“Minaya’s work around the notion of ‘tropical identity’ elicits a palpable tension between critique and seduction. Her wildly decorated, alluring environments and images carry a biting commentary on the ways in which privilege injures ecology and the body, while at the same time, it slyly purges those impositions.” – Kelly Taxter, Barnett and Annalee Newman Curator of Contemporary Art The Jewish Museum
“Joiri Minaya’s practice explores the violence but also privilege, politic, and economy of leisure and the ‘holes’ found therein: what is seen/not seen, who/what is accessed, what is taken/left behind and the way that the decorative as design challenge, geopolitic, and propaganda can disguise or redress this.” – Legacy Russell, Associate Curator of Exhibitions, The Studio Museum in Harlem
Joiri Minaya (b. 1990, New York) is a Dominican-United Statesian multi-disciplinary artist whose work investigates the female body within constructions of identity, multicultural social spaces and hierarchies. Minaya’s work is a reassertion of Self, an exercise of unlearning, decolonizing and exorcizing imposed histories, cultures and ideas. Reconciling the experience of having grown up in the Dominican Republic with living and navigating the U.S. / global North, Minaya uses gaps, disconnections and misinterpretations as ground for creativity.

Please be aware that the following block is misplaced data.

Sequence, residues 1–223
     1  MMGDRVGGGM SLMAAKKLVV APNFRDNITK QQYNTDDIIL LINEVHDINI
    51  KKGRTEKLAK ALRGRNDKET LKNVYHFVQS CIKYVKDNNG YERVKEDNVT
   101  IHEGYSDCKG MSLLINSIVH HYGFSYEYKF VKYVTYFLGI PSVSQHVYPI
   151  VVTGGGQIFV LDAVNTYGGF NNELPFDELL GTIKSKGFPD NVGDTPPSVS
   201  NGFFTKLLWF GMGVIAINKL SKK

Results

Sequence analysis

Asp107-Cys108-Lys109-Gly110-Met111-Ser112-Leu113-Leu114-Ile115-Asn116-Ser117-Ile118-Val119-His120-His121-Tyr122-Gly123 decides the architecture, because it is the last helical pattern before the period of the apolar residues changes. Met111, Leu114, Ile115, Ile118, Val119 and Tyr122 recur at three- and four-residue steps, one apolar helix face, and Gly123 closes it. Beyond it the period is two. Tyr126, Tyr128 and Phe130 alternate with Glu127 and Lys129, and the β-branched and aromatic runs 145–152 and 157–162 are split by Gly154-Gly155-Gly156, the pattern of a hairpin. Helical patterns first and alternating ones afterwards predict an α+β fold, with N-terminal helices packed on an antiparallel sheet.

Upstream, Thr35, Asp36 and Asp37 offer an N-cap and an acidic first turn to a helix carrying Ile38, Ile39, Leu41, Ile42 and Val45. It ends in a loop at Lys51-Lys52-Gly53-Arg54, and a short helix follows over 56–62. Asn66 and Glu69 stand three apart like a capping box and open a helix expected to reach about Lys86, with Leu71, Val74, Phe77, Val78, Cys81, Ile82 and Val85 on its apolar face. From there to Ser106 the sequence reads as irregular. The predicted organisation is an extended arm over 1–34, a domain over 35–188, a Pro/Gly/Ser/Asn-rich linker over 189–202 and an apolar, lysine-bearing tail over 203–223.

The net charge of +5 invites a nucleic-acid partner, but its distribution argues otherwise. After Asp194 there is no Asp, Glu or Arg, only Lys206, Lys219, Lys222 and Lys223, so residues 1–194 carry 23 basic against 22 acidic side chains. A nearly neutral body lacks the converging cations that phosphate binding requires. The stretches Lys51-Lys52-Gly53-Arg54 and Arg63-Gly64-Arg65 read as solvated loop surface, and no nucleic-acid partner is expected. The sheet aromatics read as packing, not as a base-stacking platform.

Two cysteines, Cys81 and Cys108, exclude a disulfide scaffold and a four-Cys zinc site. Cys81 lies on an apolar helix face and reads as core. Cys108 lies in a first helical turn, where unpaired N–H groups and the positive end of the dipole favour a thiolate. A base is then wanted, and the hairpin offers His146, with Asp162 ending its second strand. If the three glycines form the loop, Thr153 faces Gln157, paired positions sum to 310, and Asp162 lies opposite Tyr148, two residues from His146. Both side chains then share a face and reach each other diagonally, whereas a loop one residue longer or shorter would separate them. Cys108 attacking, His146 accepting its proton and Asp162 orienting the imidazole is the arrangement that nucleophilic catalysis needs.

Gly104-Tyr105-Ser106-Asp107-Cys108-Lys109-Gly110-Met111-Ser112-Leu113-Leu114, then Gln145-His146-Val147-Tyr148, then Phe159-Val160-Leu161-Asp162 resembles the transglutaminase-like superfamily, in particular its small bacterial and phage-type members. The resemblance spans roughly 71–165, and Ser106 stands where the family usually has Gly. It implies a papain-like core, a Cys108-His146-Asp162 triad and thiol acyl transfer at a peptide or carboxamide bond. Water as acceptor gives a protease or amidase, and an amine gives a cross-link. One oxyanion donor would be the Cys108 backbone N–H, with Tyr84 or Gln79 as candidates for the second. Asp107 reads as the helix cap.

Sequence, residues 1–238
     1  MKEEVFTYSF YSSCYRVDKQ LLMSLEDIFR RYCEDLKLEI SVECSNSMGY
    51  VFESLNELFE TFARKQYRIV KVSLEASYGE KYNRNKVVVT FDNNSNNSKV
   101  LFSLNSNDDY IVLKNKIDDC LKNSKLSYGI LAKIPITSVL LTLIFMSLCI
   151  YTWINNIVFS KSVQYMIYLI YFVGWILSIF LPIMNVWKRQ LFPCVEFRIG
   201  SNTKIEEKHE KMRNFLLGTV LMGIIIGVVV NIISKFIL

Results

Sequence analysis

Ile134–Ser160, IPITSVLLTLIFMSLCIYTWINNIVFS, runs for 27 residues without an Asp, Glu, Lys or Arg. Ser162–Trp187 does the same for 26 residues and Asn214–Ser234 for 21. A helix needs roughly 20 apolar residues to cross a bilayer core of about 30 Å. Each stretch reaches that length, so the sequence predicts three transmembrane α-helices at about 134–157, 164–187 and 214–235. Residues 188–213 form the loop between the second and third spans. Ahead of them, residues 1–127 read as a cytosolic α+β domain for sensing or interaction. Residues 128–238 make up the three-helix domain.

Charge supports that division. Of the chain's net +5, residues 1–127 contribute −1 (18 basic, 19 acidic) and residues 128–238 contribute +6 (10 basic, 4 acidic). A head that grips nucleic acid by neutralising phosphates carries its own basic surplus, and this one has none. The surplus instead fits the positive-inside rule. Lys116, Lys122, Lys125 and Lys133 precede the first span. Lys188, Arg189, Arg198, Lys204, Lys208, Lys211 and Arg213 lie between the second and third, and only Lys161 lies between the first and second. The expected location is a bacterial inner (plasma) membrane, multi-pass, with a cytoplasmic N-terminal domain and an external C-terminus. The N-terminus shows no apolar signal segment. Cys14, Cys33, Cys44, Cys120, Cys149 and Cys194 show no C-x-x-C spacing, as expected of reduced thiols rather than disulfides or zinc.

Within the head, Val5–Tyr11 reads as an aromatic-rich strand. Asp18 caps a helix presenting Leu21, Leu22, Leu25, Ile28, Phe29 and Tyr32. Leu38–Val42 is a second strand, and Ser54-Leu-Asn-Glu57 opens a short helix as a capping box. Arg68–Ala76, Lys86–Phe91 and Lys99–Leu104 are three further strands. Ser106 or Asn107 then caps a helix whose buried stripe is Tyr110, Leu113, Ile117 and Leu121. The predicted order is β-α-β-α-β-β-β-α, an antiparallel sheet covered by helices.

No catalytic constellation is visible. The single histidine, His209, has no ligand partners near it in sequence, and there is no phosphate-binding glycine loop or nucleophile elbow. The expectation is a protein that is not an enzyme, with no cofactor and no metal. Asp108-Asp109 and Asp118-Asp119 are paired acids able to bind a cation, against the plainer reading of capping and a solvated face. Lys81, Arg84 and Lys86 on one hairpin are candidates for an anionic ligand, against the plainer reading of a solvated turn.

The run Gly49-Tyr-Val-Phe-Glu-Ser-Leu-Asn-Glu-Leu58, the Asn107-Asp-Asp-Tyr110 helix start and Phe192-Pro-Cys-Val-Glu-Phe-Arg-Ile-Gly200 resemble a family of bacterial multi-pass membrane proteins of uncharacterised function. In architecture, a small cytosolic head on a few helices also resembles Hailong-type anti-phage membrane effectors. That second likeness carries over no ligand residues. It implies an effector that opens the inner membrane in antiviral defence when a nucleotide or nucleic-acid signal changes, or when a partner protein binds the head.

Minaya has exhibited internationally across the Caribbean and the U.S. She attended the ENAV (Santo Domingo), the Altos de Chavon School and Parsons/New School. Minaya is a grantee from the Nancy Graves Foundation, the Rema Hort Mann Foundation (Emerging Artist Grant), the Joan Mitchell Foundation (Emerging Artist and Painters and Sculptors Grants), the Great prize and the Audience Award XXV Concurso de Arte Eduardo León Jimenes, among others.